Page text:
Pi screen frame New temperature sensor for Feather controller Julian Rogers Home Home

Development of Pi touch screen supervisor for the Feather and Arduino controller

Under construction

I developed the Python software running on my Raspberry Pi with “Official Touchscreen” to switch between several controllers by selecting the IP address and port with a Tkinter button. Now I wanted to set the Pi up on a shelf in my living room. It occurred to me that it would be nice if the Pi could double as a photo frame while it was not being used to monitor and control things (which is the majority of the time).

When left to itself, the Pi screen goes blank after a period of time and, with the touch screen, it can just be prodded to bring things back to life. There is no built in facility to turn this energy saving feature off or to substitute a slide show type screen saver. However, a trawl through the forums shows that this has been done already.

The blank screen can be turned off by starting a terminal window and doing a bit of editing:

sudo nano /etc/lightdm/lightdm.conf

Then scoll down past the [Set Defaults] section and enter:

# don't sleep the screen!

xserver-command=X -s 0 -dpms

Then F3 to write to disc. Hopefully this will work as it did for me, although, there has been a lot of discussion on the Web over screen blanking across the years. There have been lots of solutions proposed and lots of people saying it just didn't work for them!

(For this, I have to thank the good people posting on


Now for the slide show.  Here I have to thank J.A.McNaughton for his screensaver script which uses the image display software “feh” and “xprintidle” which detects inactivity on the computer. Then follow: http://jamcnaughton.com/2014/09/05/simple-slideshow-screensaver-script-for-ubuntu/

The shell script needs to be made executable to allow it to be run. In File Manager, navigate to the file and right click on it. Left click on “Permissions” and change “Execute” to “Anyone”. (Alternatively, in Terminal use chmod +x screensaver.sh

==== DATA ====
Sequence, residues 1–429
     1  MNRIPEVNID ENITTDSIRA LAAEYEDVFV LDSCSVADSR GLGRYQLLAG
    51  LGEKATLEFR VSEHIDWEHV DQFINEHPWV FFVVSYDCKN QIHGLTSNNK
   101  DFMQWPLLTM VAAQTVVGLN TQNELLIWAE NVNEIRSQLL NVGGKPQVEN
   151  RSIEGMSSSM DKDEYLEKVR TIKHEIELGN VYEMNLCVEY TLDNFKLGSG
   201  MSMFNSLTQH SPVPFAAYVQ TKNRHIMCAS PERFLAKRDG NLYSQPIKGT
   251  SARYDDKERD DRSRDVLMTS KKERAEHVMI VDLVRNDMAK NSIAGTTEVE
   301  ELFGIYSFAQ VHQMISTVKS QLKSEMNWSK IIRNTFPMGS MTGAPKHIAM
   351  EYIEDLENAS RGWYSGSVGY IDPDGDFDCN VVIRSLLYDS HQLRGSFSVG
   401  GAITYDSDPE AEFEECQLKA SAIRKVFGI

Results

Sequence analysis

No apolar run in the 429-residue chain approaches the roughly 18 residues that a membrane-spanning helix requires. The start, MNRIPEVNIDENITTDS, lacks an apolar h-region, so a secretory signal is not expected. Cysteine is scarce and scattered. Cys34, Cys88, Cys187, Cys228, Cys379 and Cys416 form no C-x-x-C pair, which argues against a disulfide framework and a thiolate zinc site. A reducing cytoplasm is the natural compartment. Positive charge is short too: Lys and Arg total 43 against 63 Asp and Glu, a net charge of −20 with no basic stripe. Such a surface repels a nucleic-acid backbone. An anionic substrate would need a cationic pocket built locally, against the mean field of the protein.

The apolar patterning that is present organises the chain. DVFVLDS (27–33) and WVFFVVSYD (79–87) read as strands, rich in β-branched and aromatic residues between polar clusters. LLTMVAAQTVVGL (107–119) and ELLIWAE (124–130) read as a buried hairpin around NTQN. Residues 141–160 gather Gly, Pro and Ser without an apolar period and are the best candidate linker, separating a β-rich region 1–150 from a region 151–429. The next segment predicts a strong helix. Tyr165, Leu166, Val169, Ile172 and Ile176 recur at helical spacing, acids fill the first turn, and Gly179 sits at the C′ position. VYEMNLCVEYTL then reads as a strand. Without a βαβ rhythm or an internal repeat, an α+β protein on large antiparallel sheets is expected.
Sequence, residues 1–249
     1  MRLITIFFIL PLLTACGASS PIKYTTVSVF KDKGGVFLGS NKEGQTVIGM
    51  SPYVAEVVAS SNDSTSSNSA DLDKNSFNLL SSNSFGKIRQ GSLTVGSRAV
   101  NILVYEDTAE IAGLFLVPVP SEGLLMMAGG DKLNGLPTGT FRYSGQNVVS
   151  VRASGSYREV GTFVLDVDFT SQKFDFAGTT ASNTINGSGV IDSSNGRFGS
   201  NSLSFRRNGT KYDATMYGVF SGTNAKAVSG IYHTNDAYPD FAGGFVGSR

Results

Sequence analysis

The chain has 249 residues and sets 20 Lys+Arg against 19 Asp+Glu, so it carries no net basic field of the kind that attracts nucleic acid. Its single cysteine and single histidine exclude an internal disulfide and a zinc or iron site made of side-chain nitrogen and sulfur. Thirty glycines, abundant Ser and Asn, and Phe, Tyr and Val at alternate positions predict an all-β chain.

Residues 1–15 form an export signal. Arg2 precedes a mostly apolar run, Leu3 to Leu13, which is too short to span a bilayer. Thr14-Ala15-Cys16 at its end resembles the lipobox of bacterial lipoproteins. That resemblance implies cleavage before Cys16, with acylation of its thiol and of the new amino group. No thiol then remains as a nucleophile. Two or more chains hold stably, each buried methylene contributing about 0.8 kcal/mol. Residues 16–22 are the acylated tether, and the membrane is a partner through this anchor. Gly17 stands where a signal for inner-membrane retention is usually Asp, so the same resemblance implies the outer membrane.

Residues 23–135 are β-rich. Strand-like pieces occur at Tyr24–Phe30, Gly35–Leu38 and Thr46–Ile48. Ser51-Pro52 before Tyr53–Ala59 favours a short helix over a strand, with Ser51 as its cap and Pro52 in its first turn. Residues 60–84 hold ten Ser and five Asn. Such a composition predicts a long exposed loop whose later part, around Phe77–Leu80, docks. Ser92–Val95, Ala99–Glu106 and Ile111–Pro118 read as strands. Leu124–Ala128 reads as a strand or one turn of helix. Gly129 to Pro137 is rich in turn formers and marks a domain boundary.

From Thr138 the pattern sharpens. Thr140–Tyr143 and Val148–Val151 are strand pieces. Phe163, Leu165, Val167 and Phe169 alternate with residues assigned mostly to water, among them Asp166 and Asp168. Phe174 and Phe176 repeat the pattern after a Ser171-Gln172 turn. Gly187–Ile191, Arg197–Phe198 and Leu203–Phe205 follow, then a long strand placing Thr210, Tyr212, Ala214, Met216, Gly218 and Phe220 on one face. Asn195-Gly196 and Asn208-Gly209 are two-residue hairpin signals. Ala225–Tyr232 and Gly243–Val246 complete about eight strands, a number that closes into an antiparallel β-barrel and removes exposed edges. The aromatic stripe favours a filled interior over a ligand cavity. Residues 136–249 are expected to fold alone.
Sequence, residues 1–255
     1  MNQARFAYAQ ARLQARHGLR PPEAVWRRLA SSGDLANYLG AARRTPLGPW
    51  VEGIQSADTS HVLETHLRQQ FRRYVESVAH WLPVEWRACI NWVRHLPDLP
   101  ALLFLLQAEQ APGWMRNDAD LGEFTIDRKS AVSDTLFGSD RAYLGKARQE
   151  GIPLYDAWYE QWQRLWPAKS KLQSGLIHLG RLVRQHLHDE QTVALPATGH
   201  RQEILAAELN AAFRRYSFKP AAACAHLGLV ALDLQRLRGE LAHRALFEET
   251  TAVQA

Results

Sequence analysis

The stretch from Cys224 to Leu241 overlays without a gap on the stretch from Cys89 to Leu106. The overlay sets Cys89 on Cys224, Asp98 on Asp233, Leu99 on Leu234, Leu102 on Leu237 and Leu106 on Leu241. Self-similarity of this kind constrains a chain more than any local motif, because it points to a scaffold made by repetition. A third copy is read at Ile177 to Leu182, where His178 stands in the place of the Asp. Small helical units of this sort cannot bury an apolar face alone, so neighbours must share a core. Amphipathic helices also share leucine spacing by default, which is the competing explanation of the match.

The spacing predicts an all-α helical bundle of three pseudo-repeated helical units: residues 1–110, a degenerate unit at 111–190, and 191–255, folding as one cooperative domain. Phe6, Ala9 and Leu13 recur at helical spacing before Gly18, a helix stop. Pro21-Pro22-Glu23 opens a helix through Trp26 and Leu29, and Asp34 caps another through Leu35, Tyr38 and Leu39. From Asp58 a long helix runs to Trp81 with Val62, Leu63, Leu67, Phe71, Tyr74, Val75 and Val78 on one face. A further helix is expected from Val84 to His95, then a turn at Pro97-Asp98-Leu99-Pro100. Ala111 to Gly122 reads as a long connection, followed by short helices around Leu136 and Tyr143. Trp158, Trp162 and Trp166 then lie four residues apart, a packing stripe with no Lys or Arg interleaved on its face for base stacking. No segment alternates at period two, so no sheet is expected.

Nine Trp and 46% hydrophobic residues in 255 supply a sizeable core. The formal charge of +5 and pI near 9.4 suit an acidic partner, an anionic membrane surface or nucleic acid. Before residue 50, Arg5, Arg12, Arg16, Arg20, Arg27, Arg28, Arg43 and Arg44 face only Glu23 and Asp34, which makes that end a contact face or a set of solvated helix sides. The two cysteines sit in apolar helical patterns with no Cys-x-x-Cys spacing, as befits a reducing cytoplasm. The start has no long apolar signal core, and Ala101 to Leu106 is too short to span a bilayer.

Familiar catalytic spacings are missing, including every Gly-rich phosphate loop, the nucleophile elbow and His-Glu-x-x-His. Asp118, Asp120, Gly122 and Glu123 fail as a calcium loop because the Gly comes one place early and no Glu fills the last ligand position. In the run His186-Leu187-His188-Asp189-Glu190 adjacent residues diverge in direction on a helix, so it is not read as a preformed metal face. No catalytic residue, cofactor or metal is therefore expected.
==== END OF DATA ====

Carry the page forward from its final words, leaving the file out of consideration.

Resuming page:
The only problem is that feh seems to expect Esc to be pressed on the keyboard to exit and the whole point of the set up is that there is no keyboard! Perhaps it is possible to generate an Esc from the touch screen but I don't know how to do it!

A way out is to plug in a circuit which can act like a USB keyboard and simulate the Esc key being pressed. The Adafruit (5v) Trinket can do this, https://learn.adafruit.com/trinket-usb-keyboard/code?view=all#wiring. I have set this up on a bread board with a push button switch and it works perfectly! Note, the Trinket needs to be programmed to run at 16MHz.

I am hoping to mate this with an Adafruit touch sensor (https://learn.adafruit.com/adafruit-capacitive-touch-sensor-breakouts/downloads?view=all) and arrange this so that touching the top of the Pi screen frame will generate the Esc and break out of the slide show. Now I have to buy a very short type A to micro-USB cable. I have found one on eBay about 150mm long which should do the trick.

5 volt Trinket programmed to output a keyboard Esc when the button is pressed.


TrinketKeyboard, generates Esc characters

Adpted from Adafruit Industries example


adapted for adafruit momentary touch switch


//program at 16MHz, programmer is USBtinyISP

#include <TrinketKeyboard.h>

//next 3 variables are to limit the generation of Esc characters to 1 every 7 //seconds

boolean flag = false;   

int count1 = 0;

int count2 = 0;

void setup(){  

  pinMode(0, INPUT);   // the switch is connected to pin 0

  // start USB stuff



void loop(){

  // the poll function must be called at least once every 10 ms

  // or cause a keystroke

  // if it is not, then the computer may think that the device

  // has stopped working, and give errors


  if (digitalRead(0) == HIGH && !flag){

    // send Esc


    // this releases the key (otherwise it is held down!)

    TrinketKeyboard.pressKey(0, 0);

    flag = true;    //no more Esc characters until flag is cleared    



  if(count1 == 20000){

   count1 = 0;



  if(count2 == 100){

   count2 = 0;

   flag = false;



Adafruit momentary touch switch doing a more elegant job than the push button!

This is the program using the Adafruit library to simulate a USB keyboard.

The switch is very sensitive, so much so that putting a piece of perspex on it will trigger it so I am keeping my fingers crossed that I can incorporate it in the Pi’s frame without causing it to be permanently on.

Next, making a frame to conceal the touch switch.

Ultimately, I probably want the screen saver and the Python program to start up automatically on powering up the Pi. For now, however, I want to be able to start everything manually but easily without a keyboard. I write a script to run the Python program by just double clicking on the script file.

I start Terminal then start nano with a new file called f.sh

    sudo nano ./f.sh

Then, once nano starts:


   python3 ./progs/feather_control22a3a.py

Where “feather_control22a3a.py” is my Python program located in a directory called “progs”.

Save the script (F3 to save, CtrlX to exit. Them make the file executable:

sudo chmod +x ./f.sh

Now double clicking on f.sh located in file manager will start the Python program directly (following a request for confirmation). (The screensaver script  should be started first!)